Adrian Tennant: Which consumer brands do you think do a really good job of engaging with the LGBTQIA+ community authentically?
Jerry Daykin: Yeah. I like brands that kind of have been in it for the long term. In the UK, and I think to an extent globally, the Skittles brand is one that I’ve seen do that, part of the Mars company’s portfolio. I know they’ve had sort of a multi-year partnership with Gay Times. So they’ve been working with and talking to a publication that represents that community and helps them have an authentic voice. This past year or so, they did a great activation, which was sponsoring the digging out of old black and white photos from historic Prides, recoloring them, and sharing them in their editorial. And I think they’d been doing that for four or five years. Having special packaging where they remove the rainbow from their packaging because their message is that there are other rainbows that matter. So I love that they’ve stuck with it for a few years and that it’s not just a brand manager somewhere who decided, “Oh, this year let’s do Pride.” They’ve really built a platform and worked with the community on it. They’re a big organization, but I think Procter and Gamble, P&G, do a really good job. They actually have a dedicated person, I think, whose job is LGBT inclusion and how their business can work with those communities and things. And you see that comes to life in a whole load of different ways. I know in the US they’ve done a partnership with GLAAD, and I think they’ve even created resources that other advertisers can get for free and can tap into, to help them do that. That’s a really deliberate approach, you know? This is a community that matters. These are some of our own colleagues that matter. This is an audience that we want to do the right thing with and by. And so you find other examples of brands that done kind of one-off campaigns and really nice things. But those two stand out as brands that have said, “We’re really going to do this. And we’re going to still be doing it in four or five years’ time. And we’re going to invest in the people and the resources and the partnerships to get there.” Rather than just, you know, “Oh, we’ve got a bit of money left over this year. So let’s throw it at a Pride float,” which isn’t a bad thing to do, but it’s not a thorough thing to do.
Adrian Tennant: One of the things I learned about you during the COVID lockdowns, Is that you’re a hardcore LEGO fan. You posted images to LinkedIn of, I think it was an amusement park that you’d built …
Jerry Daykin: Yes!
Adrian Tennant: … which generated a lot of engagement. So I’m curious, what do you think about the initiative LEGO announced at the beginning of this month to encourage more open conversations among families about sexual orientation, gender identity, and expression?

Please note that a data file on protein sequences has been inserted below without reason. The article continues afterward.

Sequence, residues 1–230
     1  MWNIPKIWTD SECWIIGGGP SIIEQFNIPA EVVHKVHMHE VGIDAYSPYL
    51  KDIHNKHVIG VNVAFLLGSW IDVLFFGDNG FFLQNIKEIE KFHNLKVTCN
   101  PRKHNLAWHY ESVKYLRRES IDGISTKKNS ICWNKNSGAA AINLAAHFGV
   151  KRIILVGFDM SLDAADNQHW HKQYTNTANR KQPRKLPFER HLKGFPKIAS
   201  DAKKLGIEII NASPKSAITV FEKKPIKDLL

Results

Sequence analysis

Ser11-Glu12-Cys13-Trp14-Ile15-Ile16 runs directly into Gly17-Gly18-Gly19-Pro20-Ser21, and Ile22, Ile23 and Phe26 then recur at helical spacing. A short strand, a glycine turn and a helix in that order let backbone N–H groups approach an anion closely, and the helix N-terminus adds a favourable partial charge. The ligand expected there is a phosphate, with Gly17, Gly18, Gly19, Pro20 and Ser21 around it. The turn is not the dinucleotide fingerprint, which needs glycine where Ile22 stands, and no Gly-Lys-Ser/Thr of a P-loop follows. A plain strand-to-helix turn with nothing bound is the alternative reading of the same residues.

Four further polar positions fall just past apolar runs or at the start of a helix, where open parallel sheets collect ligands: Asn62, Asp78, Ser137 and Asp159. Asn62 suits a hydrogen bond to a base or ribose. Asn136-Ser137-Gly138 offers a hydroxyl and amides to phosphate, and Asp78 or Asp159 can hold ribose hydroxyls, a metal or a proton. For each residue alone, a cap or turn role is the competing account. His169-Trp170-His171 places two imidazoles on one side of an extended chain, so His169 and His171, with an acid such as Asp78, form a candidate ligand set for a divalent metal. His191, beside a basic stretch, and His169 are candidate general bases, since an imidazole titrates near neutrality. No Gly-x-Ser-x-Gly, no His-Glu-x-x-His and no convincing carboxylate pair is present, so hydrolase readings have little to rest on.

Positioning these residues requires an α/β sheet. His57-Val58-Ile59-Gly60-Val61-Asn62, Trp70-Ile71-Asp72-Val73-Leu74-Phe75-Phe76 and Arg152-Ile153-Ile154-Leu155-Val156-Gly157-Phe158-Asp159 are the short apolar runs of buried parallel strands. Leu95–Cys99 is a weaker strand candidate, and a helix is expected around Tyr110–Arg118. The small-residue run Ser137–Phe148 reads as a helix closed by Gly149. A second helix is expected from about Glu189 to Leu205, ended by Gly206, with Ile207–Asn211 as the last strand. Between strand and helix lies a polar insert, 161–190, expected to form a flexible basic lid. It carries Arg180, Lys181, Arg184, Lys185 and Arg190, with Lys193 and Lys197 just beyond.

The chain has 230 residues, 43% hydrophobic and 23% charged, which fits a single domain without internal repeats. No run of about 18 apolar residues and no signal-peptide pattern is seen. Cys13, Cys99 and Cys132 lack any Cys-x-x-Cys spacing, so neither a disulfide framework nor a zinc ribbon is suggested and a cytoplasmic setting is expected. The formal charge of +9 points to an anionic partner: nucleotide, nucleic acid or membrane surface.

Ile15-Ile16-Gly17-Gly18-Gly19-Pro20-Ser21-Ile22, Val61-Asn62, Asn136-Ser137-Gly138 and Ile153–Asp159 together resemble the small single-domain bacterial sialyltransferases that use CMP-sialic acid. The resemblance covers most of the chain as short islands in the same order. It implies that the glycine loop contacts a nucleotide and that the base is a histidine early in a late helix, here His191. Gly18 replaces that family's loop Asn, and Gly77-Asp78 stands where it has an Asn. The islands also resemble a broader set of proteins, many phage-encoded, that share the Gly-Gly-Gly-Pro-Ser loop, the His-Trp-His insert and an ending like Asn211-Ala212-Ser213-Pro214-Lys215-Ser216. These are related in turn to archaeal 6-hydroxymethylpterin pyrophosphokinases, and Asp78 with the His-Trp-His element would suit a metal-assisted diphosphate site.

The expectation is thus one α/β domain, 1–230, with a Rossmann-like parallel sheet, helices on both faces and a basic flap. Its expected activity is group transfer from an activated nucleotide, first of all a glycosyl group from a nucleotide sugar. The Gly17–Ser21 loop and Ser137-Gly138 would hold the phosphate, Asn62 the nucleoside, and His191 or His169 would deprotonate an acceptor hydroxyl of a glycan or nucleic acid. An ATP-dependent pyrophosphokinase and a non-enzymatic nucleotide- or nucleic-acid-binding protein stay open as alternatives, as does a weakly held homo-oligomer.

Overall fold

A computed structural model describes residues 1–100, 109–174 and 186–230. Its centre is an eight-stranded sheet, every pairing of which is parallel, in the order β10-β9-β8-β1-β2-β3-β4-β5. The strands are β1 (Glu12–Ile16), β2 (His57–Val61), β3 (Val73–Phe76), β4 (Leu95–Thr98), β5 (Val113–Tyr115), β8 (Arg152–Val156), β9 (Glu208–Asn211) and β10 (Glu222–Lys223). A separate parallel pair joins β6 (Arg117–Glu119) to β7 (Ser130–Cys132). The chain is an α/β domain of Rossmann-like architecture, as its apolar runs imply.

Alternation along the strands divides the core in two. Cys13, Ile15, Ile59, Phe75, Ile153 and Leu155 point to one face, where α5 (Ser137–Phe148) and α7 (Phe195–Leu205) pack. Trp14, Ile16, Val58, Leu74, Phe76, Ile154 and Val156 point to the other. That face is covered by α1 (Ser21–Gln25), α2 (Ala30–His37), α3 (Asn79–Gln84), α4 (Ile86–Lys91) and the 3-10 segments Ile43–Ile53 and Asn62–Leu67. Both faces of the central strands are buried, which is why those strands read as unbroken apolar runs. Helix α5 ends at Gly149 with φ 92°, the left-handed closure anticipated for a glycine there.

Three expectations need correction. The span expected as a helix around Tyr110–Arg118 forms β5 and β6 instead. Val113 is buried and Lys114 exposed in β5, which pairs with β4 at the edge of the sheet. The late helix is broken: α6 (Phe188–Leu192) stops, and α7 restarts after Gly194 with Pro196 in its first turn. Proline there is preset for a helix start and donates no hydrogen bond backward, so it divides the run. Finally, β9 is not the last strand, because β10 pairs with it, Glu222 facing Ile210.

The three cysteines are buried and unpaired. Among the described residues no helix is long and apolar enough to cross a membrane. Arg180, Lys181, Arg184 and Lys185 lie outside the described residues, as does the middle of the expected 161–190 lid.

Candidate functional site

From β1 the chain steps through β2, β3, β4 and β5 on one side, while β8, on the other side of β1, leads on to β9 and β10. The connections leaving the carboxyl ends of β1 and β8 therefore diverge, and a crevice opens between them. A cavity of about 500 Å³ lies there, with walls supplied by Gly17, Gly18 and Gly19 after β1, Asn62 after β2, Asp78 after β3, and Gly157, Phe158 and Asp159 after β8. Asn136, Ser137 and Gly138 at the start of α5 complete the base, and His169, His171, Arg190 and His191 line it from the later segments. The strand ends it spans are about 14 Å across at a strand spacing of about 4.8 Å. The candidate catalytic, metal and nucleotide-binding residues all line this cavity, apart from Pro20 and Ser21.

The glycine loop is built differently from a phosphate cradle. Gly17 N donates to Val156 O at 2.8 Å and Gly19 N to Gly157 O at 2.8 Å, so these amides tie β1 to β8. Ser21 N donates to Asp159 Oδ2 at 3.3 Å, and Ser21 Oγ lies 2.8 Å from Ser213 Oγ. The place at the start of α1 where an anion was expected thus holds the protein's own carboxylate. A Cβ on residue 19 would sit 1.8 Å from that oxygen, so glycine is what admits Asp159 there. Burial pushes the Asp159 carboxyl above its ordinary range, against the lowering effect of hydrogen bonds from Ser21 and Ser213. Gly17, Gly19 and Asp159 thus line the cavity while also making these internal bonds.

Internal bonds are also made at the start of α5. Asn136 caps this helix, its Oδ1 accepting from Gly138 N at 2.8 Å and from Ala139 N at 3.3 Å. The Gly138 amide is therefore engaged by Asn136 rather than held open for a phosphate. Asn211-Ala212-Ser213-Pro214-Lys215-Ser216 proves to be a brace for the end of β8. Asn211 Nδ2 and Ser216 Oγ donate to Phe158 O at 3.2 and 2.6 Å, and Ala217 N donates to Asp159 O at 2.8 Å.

Jerry Daykin: Yeah. I was always a fan of LEGO, since a kid, and, with a lot of spare time on my hands, and a few canceled holidays and things, I was like, “Right, I’m going big!” So yeah, I built a huge roller coaster thing, which is a great set. And also they launched, I guess it was last Pride, an LGBT set. It was a progressive rainbow with all the different colors, all the different characters, and things. And it was designed by one of their senior designers, who I think is LGBT himself, so it was a passion project from someone in the business. And it was sort of interesting at the time because whilst I think it was very largely warmly received, there’s always going to be those people out there being like, “Oh, LEGO’s a kid’s brand and how dare you show this rainbowy stuff to kids?” So that’s why I think it’s a great thing because I think you have to approach conversations around sexuality and gender things carefully with kids because they are young. You wouldn’t talk to them about straight sex, you probably wouldn’t want to, you know, discuss certain things with them. But I think it’s also important to normalize that conversation and be like, well, it’s kind of, if you don’t talk about it at all, I mean, you just like surprise them with it when they’re 18 or something. That of course, that’s going to be weird and messy. You know, LGBT inclusion whilst for the most part, everyone loves it. And it’s great. It’s brilliant. It comes with a risk and especially I think, if you’re a kid’s brand, there’s the potential of backlash. There’s the potential of, you know, conservative groups to challenge you and try and cancel you and things. I think it shows that they, you know, they are genuinely committed to their colleagues, to the consumers, that they’re willing to say, “No, we think this is an important thing to do.” If it was a chocolate bar trying to do that, you might be like, “Why are you doing that?” But they play a key role in the development of kids, like it’s part of how you learn to build and construct and their sets represent all sorts of different aspects of societies. So yeah. why wouldn’t they also go on that journey? Yeah, for me, that’s a great example of a brand, again, trying to do something for the long-term and positively and not just change its logo, but actually change its products, change its messaging, really, really try and push things forward.